Many presume that motherhood should naturally follow marriage (sometimes even precede it). Whatever society’s thoughts are about when it happens, the prevailing public opinion is that a woman (with an ambitious career or as a happy housewife) should at some point give birth. You’ve probably been on the receiving end of the questions or you’ve heard your girlfriend or wife be endlessly interrogated: “When are you going to finally settle down? Now that you’re married, when can we expect some little ones? What are you waiting on?” And then there’s the unwanted advice: “If you drink more water, that’ll help you get pregnant faster. You know, when me and Ray-Nathan were trying, he used to hold me upside down against the wall in a handstand. Put some blessed oil on your headboard!”
The expectations around motherhood can become intrusive and personal quickly.
Sure, we’re empathetic when women have reproductive challenges on the pathway to motherhood. Science even boasts that there are some medical advancements that will eventually make motherhood possible for women at any age. But there’s a certain judgement when a woman makes a conscious decision not to experience motherhood, even if she makes this choice with her partner. She becomes a traitor of humanity for trading her perceived womanly “duty” for something considered to be selfish. A woman choosing not to become a mother is often thought to be unacceptable, and the burden is wholly on her.
I read an article recently called “Mind Your Own Womb,” and the entire premise was that you never know a mother’s (or would-be-mother’s) background and encouraged the reader not to pass judgement. I thought that the scenarios the article offered were spot on, but took note that it completely left out women who choose not to become mothers. Are women invisible if they choose to forego motherhood? Does it lessen their validity as human beings? Obviously not, but women are constantly being judged around their choices regarding their own bodies.
Being a black mother in America is daunting. If we look at statistics and behavior, a black mother is more likely to have to deal with her child having a negative (and sometimes fatal) interaction with police, the criminal justice system or some rogue vigilante. I remember waking up the morning after the Michael Brown verdict thinking, “Black mothers in America give birth to possible mourning with the creation of each child.” And it’s not just criminality that black children will face, it’s respectability politics in school, preparing them for the idea that their very existence is criminal. This might not be the only reason a woman chooses to forego motherhood, but I’m sure it’s certainly a consideration when planning for the future.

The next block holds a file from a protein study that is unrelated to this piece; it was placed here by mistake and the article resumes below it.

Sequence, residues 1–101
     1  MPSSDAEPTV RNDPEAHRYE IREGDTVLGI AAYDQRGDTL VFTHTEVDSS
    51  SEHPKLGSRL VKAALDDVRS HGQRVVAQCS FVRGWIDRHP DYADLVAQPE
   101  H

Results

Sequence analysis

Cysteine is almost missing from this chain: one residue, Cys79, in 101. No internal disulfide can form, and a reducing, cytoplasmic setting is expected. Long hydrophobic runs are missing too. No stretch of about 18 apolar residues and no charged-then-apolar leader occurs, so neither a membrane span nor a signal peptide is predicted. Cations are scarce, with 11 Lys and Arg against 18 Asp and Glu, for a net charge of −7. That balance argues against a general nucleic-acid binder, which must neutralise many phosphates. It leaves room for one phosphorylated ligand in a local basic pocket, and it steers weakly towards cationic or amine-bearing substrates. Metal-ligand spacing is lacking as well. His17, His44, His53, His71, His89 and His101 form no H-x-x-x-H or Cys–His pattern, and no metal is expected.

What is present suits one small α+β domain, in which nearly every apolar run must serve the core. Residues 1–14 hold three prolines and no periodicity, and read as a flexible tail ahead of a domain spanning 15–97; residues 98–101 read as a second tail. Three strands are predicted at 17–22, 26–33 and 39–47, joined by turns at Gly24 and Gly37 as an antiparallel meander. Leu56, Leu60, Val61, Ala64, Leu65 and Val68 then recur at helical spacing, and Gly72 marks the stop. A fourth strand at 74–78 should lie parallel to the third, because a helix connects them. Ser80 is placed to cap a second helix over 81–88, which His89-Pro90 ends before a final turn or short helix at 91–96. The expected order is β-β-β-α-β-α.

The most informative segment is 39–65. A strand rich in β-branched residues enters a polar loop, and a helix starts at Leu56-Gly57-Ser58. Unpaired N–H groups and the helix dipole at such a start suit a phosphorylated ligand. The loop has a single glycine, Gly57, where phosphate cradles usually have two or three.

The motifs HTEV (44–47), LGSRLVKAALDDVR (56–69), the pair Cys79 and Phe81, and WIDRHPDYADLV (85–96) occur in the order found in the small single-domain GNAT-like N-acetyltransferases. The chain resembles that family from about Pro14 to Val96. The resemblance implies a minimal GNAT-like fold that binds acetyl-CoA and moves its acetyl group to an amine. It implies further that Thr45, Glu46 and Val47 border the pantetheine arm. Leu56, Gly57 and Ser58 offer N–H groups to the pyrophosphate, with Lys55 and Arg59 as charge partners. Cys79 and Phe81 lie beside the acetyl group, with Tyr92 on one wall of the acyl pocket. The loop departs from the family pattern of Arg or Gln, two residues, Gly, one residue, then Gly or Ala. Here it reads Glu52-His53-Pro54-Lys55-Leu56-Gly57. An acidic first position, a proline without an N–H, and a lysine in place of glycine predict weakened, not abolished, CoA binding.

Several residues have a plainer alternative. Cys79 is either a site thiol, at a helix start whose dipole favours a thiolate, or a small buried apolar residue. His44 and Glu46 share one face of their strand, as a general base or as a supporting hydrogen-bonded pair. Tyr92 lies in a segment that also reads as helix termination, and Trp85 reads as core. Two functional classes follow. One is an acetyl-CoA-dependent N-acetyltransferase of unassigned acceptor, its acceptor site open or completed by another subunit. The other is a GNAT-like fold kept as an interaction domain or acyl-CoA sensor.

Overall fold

Affording children is becoming an almost insurmountable task. As the cost of living rises disproportionately to the median wage, it’s difficult to take care of one’s self, much less be financially responsible for a little person. Parents are finding it challenging to give their children the best or to even keep them properly engaged and safe during the summer months. I’ve often thought about how experiencing poverty in my childhood has allowed me to be more grateful for the things I have, to stretch a small amount of money over a long period of time when necessary and to shop frugally, if need be. I’ve also thought about the ways in which it negatively affected me, such as being reckless when receiving (what I perceived was) a large lump sum of money to compensate for previous scarcity or buying things I don’t necessarily need because I want to feel as though I have something. I’m sure that if my mother had the choice, I wouldn’t have experienced poverty at all.
Finally, there’s the elephant in the room. There’s no dark, looming reason. She just doesn’t want kids, and doesn’t foresee motherhood as a part of her life.
The question of whether a woman becomes a mother or not is totally up to her and her partner. Is motherhood one of the most challenging jobs in the world? Yes. Does it deserve recognition when done well? Yes. Do women who choose not to become mothers create things, achieve things, and overcome things that are also challenging and also deserve recognition. YES. The bottom line is that America might not be (and might have never been) a prime environment to bring a child into. If a woman decides that it’s not for her, we should respect that and move on.